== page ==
is there a martial art based on an continuous flow of attack?

Discussion in 'Other Martial Arts Articles' started by starfruit, May 30, 2021.

  1. aaradia

    aaradia Choy Li Fut and Yang Tai Chi Chuan Student Moderator Supporter

    But when you fail to block in such a manner, knowing how to cover up the head is much better than just getting punched in the head with no protection whatsoever.

    Like I said, in CLF I have been taught that all blocks can be strikes and all strikes can be blocks. However, is someone gets inside and I can't use a strike as a block, say I don't have time or the distance is wrong, I am darn well going to try to get my arm protecting my head.

    Also, I am taught to use footwork to get the punch to miss along with protecting myself. The arm is protection in case the footwork is not sufficient.

    Again, the more complete the style is in everything, the more options are open for different circumstances.
    Mangosteen likes this.
  2. Tom bayley

    Tom bayley Valued Member

    I was not suggesting that one should just cover up and play defence. it is more about how one can reasonably both attack and defend whilst coping with the overload of a sudden unexpected attack. circular counter attacks would come later once the conscious brain has time to catch up with what is going on.

    One recommended immediate response is to push your arms out in front of you. this is referred to as pushing away danger in the spear system self defence system. This is what I would recommend as an initial response if you are facing towards the attacker. Interestingly you find this move in different guises in many traditional arts, variants include, just throwing a fist straight out in front of you at face height or, throwing both hands forward at face height in a hand-on-fist salute, while tucking the chin and ducking between ones own shoulders :).
  3. Smitfire

    Smitfire Cactus Schlong

    This is one of the main ways things like "salutations" and "ready positions" in kata/patterns are used in "modern" combative bunkai/applications. Arms closer to the head or "palms in" variations (like the start of Naihanchi) are used as "flinch" or instinctive "crash helmets". But always this is a back up method to being pre-emptive and/or pro-active and is a way to get back in the game and overcome a barrage of blows when you're attacked by surprise or in the fence/dialogue phase of social violence. Rather than trying to block specific arms or attacks you cover what they are trying to hit (your head 99 times out of 100) and crash in to tie up and regain the initiative.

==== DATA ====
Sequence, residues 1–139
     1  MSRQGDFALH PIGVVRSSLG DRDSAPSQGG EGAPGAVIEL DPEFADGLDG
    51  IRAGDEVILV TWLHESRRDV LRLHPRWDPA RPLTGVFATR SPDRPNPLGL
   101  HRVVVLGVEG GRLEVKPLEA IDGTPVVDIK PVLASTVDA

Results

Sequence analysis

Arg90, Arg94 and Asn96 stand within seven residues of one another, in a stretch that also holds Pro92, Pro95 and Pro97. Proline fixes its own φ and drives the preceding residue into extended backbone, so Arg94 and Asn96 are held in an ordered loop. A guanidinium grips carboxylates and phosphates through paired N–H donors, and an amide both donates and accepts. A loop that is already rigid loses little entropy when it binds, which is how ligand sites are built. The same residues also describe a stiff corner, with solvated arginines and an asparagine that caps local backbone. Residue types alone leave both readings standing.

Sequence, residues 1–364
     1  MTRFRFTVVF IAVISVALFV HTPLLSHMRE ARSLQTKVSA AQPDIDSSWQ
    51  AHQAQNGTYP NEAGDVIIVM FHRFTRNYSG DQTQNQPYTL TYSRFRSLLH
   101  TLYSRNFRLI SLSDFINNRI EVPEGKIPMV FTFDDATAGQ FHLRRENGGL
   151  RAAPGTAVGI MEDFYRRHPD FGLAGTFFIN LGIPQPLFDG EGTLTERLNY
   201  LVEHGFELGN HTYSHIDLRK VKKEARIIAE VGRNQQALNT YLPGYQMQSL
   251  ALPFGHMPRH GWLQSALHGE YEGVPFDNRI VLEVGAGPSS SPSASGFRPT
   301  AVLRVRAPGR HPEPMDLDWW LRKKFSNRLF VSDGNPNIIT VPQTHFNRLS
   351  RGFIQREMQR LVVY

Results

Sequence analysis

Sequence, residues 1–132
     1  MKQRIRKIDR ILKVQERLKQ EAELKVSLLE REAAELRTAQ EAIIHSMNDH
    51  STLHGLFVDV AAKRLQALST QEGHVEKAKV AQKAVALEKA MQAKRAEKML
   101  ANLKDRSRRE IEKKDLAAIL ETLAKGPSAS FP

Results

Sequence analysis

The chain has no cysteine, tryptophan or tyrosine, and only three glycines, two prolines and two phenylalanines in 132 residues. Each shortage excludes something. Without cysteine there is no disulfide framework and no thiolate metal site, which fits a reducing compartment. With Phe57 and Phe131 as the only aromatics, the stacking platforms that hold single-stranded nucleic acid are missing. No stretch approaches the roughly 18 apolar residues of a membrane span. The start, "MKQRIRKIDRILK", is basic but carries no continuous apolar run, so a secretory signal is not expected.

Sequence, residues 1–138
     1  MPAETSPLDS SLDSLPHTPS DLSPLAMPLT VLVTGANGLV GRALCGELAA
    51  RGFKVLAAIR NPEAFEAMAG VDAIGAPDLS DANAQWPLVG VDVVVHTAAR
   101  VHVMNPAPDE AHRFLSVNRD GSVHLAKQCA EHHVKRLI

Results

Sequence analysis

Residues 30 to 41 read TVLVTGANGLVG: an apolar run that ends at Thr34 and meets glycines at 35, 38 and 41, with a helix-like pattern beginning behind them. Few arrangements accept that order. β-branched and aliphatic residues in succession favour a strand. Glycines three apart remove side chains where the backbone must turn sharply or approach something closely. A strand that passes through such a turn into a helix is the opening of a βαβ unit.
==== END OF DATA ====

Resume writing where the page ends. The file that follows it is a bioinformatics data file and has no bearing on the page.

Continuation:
Posture/moves like the start of Kanku dai, Naihanchi, Po eun or Kwang gae...

    [​IMG] [​IMG]
  4. Botta Dritta

    Botta Dritta Valued Member

  5. Tom bayley

    Tom bayley Valued Member

    Thinking about the OP in terms of philosophy of forward pressure. Different arts approach forward pressure in different ways. Boxing for example has as much emphasis on backward and side to side movement as it does forward. Shota kahn karate has plenty of backward movement but when moving forward there is a lot of commitment of body weight. While from what I understand (happy to be corrected) southern praying mantis emphasises pushing as close to the opponent as possible to tie them up while dropping strikes vertically down on them. It is a compromise. the more forward drive you have the more physical pressure you put on your opponent and the harder your strikes, but the more open you are to being drawn off balance or to being slipped and attacked from the side or back.
  6. Grond

    Grond Valued Member

    Yes, in anime. :D

    Too many to bother mentioning, I think. They're all equally unrealistic. Start with Hokuto Shinken.

    Hokuto Shinken
  7. IronMaiden1991

    IronMaiden1991 Active Member

    I mean most of the 'relentless attacking' OP is asking about is just a strategy and relies on you being faster than the other person, more than anything.

    Im amazed we didn't start him with dragonball and the atatatatatatatatata of Super
    Grond and Mangosteen like this.
  8. Deepak patidar

    Deepak patidar New Member

    What is described sounds more like a particular strategy to me, rather than a whole system. It could be a dominant strategy within a particular system, but doubtful is the complete sum of the system itself.
  9. 23rdwave

    23rdwave Valued Member

    Yiquan has no defense. It is always on the attack. The body method it employs is its own defense.

    From the 0:30 mark
  10. IronMaiden1991

    IronMaiden1991 Active Member

    So it does have defense
    axelb and aaradia like this.
  11. john_newman

    john_newman New Member

    Kempo/Kenpo (either spelling) is a martial art characterized by the use of quick hand strikes (sneaky adversting linke deleted) in rapid succession. The multitude of fast strikes has a dual purpose, perhaps overwhelming an opponent, while attempting to ensure that at least some strikes effectively hit their target.
    Last edited by a moderator: Dec 2, 2022
  12. aaradia

    aaradia Choy Li Fut and Yang Tai Chi Chuan Student Moderator Supporter

    Mod note: Please do not try to add another advertising link like that again if you wish to stay here on MAP. Our Terms of Service can be found by clicking on the "terms and Rules" button on the bottom right hand corner of every page. Thanks.:)
    Last edited: Dec 2, 2022

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